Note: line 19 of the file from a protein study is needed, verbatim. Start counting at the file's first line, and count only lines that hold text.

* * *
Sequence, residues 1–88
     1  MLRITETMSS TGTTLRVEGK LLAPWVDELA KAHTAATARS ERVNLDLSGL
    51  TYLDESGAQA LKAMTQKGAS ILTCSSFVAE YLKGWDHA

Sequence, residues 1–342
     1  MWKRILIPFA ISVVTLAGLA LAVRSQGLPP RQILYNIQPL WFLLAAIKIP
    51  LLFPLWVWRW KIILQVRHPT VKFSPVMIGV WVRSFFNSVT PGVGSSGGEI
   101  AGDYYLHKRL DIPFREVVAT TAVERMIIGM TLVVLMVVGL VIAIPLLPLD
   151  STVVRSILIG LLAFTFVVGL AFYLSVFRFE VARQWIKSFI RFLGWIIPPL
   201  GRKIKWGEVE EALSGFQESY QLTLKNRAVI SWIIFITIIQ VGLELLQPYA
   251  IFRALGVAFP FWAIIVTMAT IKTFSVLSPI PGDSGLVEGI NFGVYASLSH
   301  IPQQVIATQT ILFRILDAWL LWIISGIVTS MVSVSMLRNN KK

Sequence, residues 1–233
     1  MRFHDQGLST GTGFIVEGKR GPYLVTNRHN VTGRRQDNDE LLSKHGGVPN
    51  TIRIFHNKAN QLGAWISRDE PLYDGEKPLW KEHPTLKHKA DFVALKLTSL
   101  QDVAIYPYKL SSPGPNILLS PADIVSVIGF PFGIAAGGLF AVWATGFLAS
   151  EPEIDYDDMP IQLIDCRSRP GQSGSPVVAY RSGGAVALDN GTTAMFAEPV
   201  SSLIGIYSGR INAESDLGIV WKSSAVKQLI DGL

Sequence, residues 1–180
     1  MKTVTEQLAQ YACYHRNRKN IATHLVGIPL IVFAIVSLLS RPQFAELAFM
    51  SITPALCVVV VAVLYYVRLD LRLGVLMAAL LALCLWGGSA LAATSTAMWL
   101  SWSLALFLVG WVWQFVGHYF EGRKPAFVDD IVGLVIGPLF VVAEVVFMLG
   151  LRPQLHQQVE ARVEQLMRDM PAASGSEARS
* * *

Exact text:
     1  MKTVTEQLAQ YACYHRNRKN IATHLVGIPL IVFAIVSLLS RPQFAELAFM